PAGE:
I was forcefully reminded the other day of a severely traumatizing childhood experience.
Seeing my mother--my own mother--putting Vitamin B12 drops into her tea or water or whatever strange concoction she had brewing caused me to have flashbacks of a disturbing nature. Small children with fear on their faces. A house in the dead of night. Shrieking. My grandmother jumping on the sofa. That last one was the kicker.
"What is THAT?" I asked. Don't doubt that my nose was already screwed up in anticipatory dislike. Droppers are weird.
"Oh, it's Vitamin B12," my parent said to me.
"No!" I screamed. "Don't do it!"
"What?!" said the poor woman.
"Stop!" I said. "That's VITAMIN B12! Don't you KNOW?"
"Um," she said.
"That's what made Marnie jump up and down!" I yelled.
"Oh..." she said. Comprehension is a liberal substance. It spreads like Elmer's and lights up the visage. It lit up my mother's now.
"WHAT made Marnie jump up and down?" asked Virginia, coming into the room at a bad time, as usual.
And so I told the story.
In the way of background for those members of my readership who aren't my sister (or my mother, for that matter), my cousins and I used to go to Marnie's house for Vacation Bible School every summer. We stayed for a week, went to said VBS, got homesick, ate Spaghettio's and Cocoa Puffs, fought over the colors of our dishes (which all had straws attached), went to the beach (Marnie lived across the street from Myrtle Beach), memorized Bible verses in exchange for candy and fame, watched The Stupids over and over and over again, and generally had a rollicking good time. We also frequently fell over backwards in the bar chairs ("Don't lean!" Marnie said, and we did. "You'll fall!" Marnie said, and we did. "I told you so," Marnie said, and she had.), and I was so scared of the painting on the wall--which, I'll admit, still sort of worries me--that Marnie had to cover it with a blanket. But most of this is beside the point.
The point is that we were there, at Marnie's house, for VBS. When we were very small, only Charlie and Josh and I would go. Charlie and Josh representing the Uncle Mike side of the family, I representing the Uncle David (aka Daddy) side. As Jesse and Virginia got older they were added to the collection, as was Cousin Bryant to represent the Aunt Andrea division. As Charlie and Josh had no other siblings, they had to make do with themselves.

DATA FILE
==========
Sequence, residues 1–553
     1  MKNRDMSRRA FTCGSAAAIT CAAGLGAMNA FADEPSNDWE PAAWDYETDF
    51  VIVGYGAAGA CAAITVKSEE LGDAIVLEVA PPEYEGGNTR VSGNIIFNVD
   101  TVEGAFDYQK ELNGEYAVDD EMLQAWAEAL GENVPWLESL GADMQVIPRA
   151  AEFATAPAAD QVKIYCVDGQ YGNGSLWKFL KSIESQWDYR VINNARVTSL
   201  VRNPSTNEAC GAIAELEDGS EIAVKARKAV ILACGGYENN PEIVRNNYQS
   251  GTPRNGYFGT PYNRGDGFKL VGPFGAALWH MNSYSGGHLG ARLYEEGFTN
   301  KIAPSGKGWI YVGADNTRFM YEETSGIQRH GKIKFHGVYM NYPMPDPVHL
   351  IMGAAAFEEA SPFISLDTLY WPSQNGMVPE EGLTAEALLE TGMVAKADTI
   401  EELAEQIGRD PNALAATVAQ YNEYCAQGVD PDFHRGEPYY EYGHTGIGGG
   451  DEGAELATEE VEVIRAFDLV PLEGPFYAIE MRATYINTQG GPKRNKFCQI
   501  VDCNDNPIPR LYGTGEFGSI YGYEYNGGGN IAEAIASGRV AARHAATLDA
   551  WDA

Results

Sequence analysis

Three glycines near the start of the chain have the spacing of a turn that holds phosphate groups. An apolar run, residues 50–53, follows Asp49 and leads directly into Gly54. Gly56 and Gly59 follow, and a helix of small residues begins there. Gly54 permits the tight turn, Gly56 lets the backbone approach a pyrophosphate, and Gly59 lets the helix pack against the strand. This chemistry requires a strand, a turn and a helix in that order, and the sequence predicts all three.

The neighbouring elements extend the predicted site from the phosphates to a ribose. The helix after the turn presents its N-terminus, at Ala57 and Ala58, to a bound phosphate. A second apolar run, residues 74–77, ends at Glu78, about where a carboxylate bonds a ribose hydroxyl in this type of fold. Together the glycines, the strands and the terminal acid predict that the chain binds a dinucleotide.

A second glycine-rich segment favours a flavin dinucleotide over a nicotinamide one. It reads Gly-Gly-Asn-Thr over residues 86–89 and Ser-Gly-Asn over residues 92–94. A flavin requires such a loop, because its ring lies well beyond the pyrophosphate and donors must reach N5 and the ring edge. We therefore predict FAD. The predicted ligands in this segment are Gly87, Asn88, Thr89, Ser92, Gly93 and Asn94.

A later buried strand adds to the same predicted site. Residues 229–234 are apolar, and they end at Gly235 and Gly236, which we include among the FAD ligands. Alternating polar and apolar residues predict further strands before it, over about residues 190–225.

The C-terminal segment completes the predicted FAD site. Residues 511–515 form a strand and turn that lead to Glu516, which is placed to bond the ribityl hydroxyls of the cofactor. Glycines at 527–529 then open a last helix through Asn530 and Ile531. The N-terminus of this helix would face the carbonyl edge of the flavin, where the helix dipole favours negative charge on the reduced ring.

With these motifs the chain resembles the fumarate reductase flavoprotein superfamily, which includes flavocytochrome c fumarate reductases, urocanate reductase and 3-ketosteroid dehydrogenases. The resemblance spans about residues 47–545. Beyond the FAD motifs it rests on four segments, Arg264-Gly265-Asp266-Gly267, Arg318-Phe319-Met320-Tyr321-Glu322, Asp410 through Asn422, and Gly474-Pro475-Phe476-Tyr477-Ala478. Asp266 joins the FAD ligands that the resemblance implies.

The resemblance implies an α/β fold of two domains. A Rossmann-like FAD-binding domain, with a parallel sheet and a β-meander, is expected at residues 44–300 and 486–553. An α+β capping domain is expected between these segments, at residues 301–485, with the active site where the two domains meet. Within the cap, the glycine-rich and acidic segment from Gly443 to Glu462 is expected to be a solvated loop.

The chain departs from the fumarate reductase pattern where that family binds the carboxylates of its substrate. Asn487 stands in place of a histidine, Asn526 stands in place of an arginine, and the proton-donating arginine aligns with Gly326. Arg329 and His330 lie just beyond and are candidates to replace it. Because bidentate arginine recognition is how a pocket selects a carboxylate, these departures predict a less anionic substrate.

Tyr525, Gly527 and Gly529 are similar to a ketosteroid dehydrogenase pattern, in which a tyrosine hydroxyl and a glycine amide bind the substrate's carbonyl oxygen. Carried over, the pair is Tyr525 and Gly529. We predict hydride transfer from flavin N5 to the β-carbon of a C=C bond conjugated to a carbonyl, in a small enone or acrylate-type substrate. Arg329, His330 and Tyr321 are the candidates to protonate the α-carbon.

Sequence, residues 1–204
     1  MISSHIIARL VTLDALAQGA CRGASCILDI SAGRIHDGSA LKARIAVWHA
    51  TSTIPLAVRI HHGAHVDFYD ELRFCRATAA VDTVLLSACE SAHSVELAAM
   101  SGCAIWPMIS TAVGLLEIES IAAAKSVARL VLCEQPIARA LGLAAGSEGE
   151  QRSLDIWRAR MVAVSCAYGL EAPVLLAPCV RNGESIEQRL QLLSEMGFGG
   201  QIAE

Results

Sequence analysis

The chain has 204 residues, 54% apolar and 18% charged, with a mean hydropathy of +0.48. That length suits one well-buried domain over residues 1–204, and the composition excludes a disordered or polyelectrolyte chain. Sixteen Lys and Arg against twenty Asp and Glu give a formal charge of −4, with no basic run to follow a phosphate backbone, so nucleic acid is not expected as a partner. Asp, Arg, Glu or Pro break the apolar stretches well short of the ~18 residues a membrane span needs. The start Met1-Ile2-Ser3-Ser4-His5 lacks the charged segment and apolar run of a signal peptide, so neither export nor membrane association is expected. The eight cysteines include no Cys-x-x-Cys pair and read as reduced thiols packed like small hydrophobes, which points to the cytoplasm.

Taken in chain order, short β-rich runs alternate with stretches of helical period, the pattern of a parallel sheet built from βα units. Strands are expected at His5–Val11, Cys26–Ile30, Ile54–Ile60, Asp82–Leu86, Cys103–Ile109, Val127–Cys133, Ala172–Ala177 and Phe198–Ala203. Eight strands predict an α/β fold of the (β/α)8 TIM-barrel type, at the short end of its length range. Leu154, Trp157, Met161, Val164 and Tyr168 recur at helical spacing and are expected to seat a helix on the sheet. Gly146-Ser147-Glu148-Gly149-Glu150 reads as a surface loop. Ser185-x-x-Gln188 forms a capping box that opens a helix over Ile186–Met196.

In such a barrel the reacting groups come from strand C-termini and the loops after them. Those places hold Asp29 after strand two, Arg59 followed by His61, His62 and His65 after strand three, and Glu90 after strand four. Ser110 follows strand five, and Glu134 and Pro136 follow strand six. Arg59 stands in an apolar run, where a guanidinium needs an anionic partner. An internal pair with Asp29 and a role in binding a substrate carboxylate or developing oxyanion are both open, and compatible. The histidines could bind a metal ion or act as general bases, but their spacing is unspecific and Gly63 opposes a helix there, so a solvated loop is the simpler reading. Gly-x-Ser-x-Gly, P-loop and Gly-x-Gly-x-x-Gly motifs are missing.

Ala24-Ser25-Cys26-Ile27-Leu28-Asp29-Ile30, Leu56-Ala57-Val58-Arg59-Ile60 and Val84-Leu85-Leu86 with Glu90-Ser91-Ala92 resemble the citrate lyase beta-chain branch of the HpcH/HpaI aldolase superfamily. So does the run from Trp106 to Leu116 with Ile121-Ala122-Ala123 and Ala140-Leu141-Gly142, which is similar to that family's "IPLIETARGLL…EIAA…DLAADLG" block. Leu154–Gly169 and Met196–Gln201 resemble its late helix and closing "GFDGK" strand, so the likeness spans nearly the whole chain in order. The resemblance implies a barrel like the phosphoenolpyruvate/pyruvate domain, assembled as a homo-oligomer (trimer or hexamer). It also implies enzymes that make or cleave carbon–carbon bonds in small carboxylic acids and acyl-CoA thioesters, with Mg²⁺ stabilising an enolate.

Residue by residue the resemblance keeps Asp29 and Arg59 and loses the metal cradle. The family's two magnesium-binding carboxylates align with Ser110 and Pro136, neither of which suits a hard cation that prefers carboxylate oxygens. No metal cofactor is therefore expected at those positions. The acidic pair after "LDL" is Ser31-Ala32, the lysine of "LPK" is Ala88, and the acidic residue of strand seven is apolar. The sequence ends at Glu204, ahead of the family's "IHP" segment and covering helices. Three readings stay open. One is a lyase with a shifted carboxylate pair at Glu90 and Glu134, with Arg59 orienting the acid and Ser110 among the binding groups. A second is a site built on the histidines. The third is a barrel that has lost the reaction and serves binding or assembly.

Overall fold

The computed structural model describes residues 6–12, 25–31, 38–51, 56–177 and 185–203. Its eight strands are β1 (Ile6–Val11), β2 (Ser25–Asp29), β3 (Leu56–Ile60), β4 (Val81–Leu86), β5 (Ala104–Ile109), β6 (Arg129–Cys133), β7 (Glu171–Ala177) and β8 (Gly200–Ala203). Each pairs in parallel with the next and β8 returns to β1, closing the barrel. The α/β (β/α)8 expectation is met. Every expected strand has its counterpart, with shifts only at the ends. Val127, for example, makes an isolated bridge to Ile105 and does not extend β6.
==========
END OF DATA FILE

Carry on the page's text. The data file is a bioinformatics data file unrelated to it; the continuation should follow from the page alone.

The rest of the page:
Another exciting thing to do at Marnie's was to watch her take her vitamins. This was a Big Deal, because Marnie had many, many vitamins. Some people collect China. Some people collect hats. Some people just collect Chinese (ok, kidding). Marnie, apparently, collected vitamins. The most exciting part of the morning--possibly excluding Cocoa Puffs, but I doubt it--was watching Marnie fill her entire hand up with vitamins and take them all at once. We're talking ten or fifteen at once, I'm guessing. I think if someone tried to do that now I would be ready and waiting to do the Heimlich, but I was too small to do the Heimlich then, and I also didn't know what it was, so it's a good thing Marnie didn't die. We used to cheer her on with shouts of, "More! More!" until she insisted that she couldn't possibly do any more at once.
One night after Virginia was safely in bed upstairs (I don't remember if Jesse was there this particular summer, which was nine or ten years ago. I don't remember him, so he might have been at camp, but I'm too lazy to get up and find out.) Charlie and Josh and I were watching Marnie take her evening vitamins. This wasn't usually as exciting as the morning vitamins, I think because she didn't have nearly as many, but we watched anyway. This evening she took out a little bottle that we had never seen before.
"What's that?" we asked. Probably in chorus.
"It's vitamin B12," said Marnie. "It gives me LOTS of energy. You'd better watch out; I might go crazy!"
"Ha ha," we said. "It does not!" O, foolish words!
"It does!" said Marnie. "I just put some in my nose like this"--she put a bright red drop in each nostril--"and sniff"--she sniffed--"and in a few minutes I'll be FULL of energy!"
We were disbelieving in our youthful naivete, but never a trio to turn down even a hint of entertainment, we waited. Soon Marnie started bouncing, then hopping, then she was racing around the living room giggling at the top of her lungs.
"Ok!" she shrieked. "Hehe! I'm going to bed! Hehe! Goodnight!"
And she hopped off to bed.
We stared at each other in horror.
"Was that... was that real??" we asked each other.
Charlie said he didn't think it was real, but... it sure looked real.
"Whoops!" said Marnie, hopping out of her bedroom like a rabbit on crack. "Forgot this! Hehe! Goodnight!" And she jumped down the length of the sofa, grabbed whatever she had forgotten from the table, whizzed past us, and slammed her bedroom door in excitement.
"That was scary! I'm goin' to bed!" And we all raced up the stairs together, each trying to get away from downstairs as fast as possible.
I don't exactly remember what happened the next morning. I think we timidly asked Marnie if she was feeling ok last night, and she assured us she didn't remember anything out of the ordiary.
Our old friend, Comprehension, now dawned on Virginia's face.
"Was THAT what that was?" she said incredulously. "I remember hearing some shrieking and banging, but I didn't know what it was."
"That's what that was. It was SCARY," I said, shivering. "Mommy, don't take that stuff!"
"But that wasn't real!" said Mommy.
"Well, I know," I said. "But we didn't know that at the time. We sort of didn't think it was, but we weren't sure, and it was SCARY. THAT'S what matters."
"Come on, she was just playing with y'all!"
"Well I know that NOW, but we didn't THEN," I said.
And then she took the stuff.
I am scarred for life.